By Morgan Bryce
After 67 years of operating in downtown Opelika, Dorris Signs has moved from its 1st Avenue location into a new warehouse at 409 Ermine St.
Relocating became an option three years ago as the Dorrises learned of the developments coming to 1st Avenue. After some discussion, they decided earlier this year that it would be best for them to move and allow progress to continue on the street.
“We loved being on 1st Avenue and in downtown and I was very proud to see all that was going on. But Ricky and I were proud enough to say, ‘hey, let’s keep this going on and let us get out of the way,’” Lagina said.
Within their new 5,000 square feet facility is an already existing paint booth, and the Dorrises said that they are in the process of obtaining the “latest and most sophisticated machinery” to help “streamline (their) workload” and enable a faster turnaround for their customers. There is also adequate room for vehicles in need of decaling or lettering to park inside or outside the structure.
Another change in their business plan is to reduce their service area to a 60-mile radius “to insure that (their) local customers can have service on their signs in a more timely fashion” according to Ricky.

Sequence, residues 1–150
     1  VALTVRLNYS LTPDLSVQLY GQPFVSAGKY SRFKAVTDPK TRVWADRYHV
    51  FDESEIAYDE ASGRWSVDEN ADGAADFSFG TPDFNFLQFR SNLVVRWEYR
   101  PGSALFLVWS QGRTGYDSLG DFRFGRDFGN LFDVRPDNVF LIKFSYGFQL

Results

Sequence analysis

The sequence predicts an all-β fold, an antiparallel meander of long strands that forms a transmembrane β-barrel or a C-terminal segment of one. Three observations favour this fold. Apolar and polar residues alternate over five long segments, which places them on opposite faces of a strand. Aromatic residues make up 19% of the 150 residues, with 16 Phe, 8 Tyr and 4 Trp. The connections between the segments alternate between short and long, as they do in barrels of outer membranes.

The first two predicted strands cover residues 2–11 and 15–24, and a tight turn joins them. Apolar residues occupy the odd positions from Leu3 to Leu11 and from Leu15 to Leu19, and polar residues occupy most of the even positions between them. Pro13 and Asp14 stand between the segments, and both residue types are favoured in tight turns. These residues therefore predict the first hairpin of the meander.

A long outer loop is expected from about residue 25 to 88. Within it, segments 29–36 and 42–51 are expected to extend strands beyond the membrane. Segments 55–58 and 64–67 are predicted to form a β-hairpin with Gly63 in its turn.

Signs from their shop adorn the sides of major retailers and local companies including East Alabama Medical Center. No matter how big or small their client is, however, Lagina said the part they enjoy most is the lasting relationships formed through business.
“We don’t have just ‘customers,’ we have ‘friends’ that buy signs with us. With a lot of customers, I know their kids and am Facebook friends with them,” Lagina said. “When you come into our shop, we want you to feel like you’re a part of us and know that we’re a small business that puts family first.”
The Dorrises plan to host a reception later this summer to showcase their new shop and its accessories.
Plans for their previous location on 1st Avenue have yet to be determined, according to the property purchaser. The Dorrises will officially close on the property during the month of July.
“When Ricky and (the future building owner) made the decision and were shaking hands, I balled my eyes out. They came over to apologize later and I told them that it was not a sad cry,” Lagina said. “It was simply recognizing the closing of the Gene chapter of Dorris Signs and the beginning of a new and improved Dorris Signs Company.”
To learn more about the history and origins of the business, visit the following link: https://opelikaobserver.com/dorris-signs-celebrates-65-years/, which was published on Feb. 22, 2017.
For more information, call 334-745-2645.